A built-in foam core gives the R.20 Tstud™ almost three times the insulation of a conventional wood 2x6 stud.

In construction, the R-Value is the measurement of a material's capacity to resist heat flow from one side to the other. In simple terms, R-Values measure the effectiveness of insulation and the higher number, represents more effective insulation. The R-Value through a typical 2x6 wood stud is 6.88. Any wood member causes there to be a transfer of heat and cold from the exterior of a home or a building to the inside of the same space; known as conduction. The only way to stop, or minimize, the transfer of heat or cold from one side of a wall to the other side, is to purchase and install thick enough rigid insulation to the entire exterior perimeter of the structure.

The R.20 Tstud™ is the same depth as a 2x6 but offers an impressive initial R-Value of 20 and has a 99.23% complete thermal break through the stud. Meaning that there is no need for continuous rigid insulation to meet and exceed the 2015 energy code in all of the climate zones in North America.


The proprietary truss system that holds the 2 wood members together accounts for .77% of a thermal transfer of heat and/or cold.

The truss is non-metal and is fully encased in Type 1 foam (an HFO blowing agent that is 2020 EPA compliant is used).

By using the thermally broken R.20 Tstud™ Wall Assembly, a reduction of 4-7 points on the HERs numbering system is garnered yielding the building an approximate 18% improvement (depending on heating or cooling degree days, the climate zone energy code currently in force, and how many times the dog is let out the door) in energy efficiency over standard 2”x 6” wall construction. The R.20 Tstud™ will be an excellent LEED (leadership in energy and environmental design) product.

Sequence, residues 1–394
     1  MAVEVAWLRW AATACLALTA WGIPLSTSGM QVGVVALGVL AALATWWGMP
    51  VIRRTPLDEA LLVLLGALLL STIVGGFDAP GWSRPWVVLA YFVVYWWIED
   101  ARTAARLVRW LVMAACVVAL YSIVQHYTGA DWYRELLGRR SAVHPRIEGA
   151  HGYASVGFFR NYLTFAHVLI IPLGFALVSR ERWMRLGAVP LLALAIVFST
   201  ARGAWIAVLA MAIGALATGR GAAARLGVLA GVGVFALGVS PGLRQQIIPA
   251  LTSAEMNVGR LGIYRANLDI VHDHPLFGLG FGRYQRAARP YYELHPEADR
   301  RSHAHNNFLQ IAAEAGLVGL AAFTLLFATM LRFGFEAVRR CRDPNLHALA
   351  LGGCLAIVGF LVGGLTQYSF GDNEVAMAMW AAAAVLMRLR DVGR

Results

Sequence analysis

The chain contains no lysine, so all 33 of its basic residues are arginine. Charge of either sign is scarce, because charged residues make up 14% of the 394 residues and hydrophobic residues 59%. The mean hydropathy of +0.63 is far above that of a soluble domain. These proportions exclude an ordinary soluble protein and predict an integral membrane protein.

This increase in the R factor is significant as there is not another solution that acts alone to offer as aggressive of an outcome. 

Therefore, with incentives to both builders and consumers being offered by way of rebates through government and utility providers, there is an opportunity to drive change to build with more energy efficient components to meet the new rigorous energy code legislations and net zero effect initiatives.

A test was performed by placing a commercial grade hot iron on one of the wood members. That wood member was heated up to 194 degrees in an effort to see how fast that temperature would conduct through the wood, through the foam, and increase the temp on the opposing wood member in order to replicate a wall comparable to one in San Antonio, Texas.  After 1.5 hours, the temperature of the opposing wood member rose by only 3 degrees. Proving, that the R.20 Tstud™, has a significant benefit in southern cooling zones and in northern heating zones.

Thermal imaging of a shed constructed with R.20 Tstud™walls, floor and roof shows heat loss only through the door.

Thermal imaging of a shed constructed with R.20 Tstud™walls, floor and roof shows heat loss only through the door.